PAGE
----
Swedish Economy Shrinks 0.6% In Q4

Sweden’s economy contracted in the final quarter of 2022, after expanding in the previous two quarters as rising interest rates, high inflation and uncertainty over the economic outlook likely damped spending at the end of the year, preliminary figures from Statistics Sweden showed on Monday.

Gross domestic product declined 0.6 percent sequentially in the December quarter, reversing a 0.6 percent rise in the September quarter.

On a yearly basis, the economy also shrank 0.6 percent in the fourth quarter, in contrast to a 2.5 percent expansion in the preceding three-month period. Economists had forecast the growth rate to ease to 1.2 percent.

Further, this was the first annual contraction since the second quarter of 2021.

Data also showed that GDP fell at a stable pace of 0.5 percent monthly in December.

On a yearly basis, GDP decreased a working-day-adjusted 1.8 percent in December, following a 0.6 percent drop in November.

Read more: Sweden Inflation Highest In Nearly 32 Years On Higher Electricity, Food Costs

During the year 2022, the economy expanded 2.4 percent compared to the previous quarter.

“The development for 2022 as a whole was however slightly above the historical average seen during the last decades, but this is mainly explained by low economic activity during the first half of 2021 rather than a clear increase in GDP during 2022” Neda Shahbazi, an economist at Statistics Sweden, said.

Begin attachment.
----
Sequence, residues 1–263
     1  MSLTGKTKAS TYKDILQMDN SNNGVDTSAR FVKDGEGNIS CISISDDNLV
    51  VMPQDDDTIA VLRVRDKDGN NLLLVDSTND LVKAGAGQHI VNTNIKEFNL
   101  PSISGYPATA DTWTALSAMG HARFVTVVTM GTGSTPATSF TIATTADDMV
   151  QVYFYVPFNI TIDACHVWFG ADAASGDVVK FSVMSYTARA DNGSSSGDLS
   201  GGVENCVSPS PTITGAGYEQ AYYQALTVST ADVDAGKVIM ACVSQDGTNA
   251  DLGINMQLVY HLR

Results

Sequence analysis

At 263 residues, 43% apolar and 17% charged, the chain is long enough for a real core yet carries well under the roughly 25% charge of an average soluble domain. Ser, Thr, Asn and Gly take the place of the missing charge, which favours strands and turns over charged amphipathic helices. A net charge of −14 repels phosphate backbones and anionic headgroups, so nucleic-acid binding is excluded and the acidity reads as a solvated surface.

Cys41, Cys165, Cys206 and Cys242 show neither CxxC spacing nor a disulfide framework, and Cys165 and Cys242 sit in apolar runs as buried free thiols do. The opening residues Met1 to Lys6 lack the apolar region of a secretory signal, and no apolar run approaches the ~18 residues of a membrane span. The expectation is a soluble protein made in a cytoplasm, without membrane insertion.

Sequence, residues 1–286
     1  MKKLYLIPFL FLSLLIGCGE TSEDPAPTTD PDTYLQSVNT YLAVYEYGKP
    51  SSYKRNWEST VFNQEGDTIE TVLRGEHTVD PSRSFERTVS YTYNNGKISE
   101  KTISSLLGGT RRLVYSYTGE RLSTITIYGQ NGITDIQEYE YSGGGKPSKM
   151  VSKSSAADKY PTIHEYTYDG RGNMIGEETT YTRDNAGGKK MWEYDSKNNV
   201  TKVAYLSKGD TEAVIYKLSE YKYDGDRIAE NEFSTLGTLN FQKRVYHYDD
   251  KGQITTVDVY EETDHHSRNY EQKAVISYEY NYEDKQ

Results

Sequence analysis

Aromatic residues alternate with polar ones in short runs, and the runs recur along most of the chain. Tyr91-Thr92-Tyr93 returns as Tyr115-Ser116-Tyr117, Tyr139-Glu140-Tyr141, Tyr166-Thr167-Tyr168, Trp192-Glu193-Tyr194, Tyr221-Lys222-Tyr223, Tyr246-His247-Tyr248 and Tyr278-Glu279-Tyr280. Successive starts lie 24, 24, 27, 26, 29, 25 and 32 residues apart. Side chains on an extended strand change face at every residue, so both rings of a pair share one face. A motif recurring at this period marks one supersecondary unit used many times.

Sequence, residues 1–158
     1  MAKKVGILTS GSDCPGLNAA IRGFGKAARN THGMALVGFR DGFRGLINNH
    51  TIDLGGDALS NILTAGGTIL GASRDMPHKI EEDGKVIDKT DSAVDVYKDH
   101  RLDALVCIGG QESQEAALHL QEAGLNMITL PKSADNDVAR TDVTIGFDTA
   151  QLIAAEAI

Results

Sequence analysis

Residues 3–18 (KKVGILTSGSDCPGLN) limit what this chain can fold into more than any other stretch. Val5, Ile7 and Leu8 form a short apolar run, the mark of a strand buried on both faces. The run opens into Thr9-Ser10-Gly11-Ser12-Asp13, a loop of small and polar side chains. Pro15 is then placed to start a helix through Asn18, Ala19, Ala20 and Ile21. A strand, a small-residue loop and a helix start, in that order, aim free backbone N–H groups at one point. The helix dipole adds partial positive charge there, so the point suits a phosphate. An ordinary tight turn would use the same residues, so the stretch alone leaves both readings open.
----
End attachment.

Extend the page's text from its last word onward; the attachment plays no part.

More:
The detailed figures for the fourth quarter will be published on February 28.

“With the more timely data for December and January still very gloomy, a significant recession seems to be underway,” Capital Economics economist Andrew Kenningham said.

In December, the National Institute for Economic Research revised down the growth forecast for the Swedish economy and forecast a more worse downturn this year as high interest rates and rising inflation are expected to hurt consumer spending and the labor market.

The NIER forecast a 0.9 percent contraction in the Swedish economy this year and a 1.3 percent growth next year.

The think tank expect the Riksbank to raise the policy rate to 2.75 percent in February, and the rate to begin to come back down towards the end of the year as the slowdown bites and inflation returns to normal levels.

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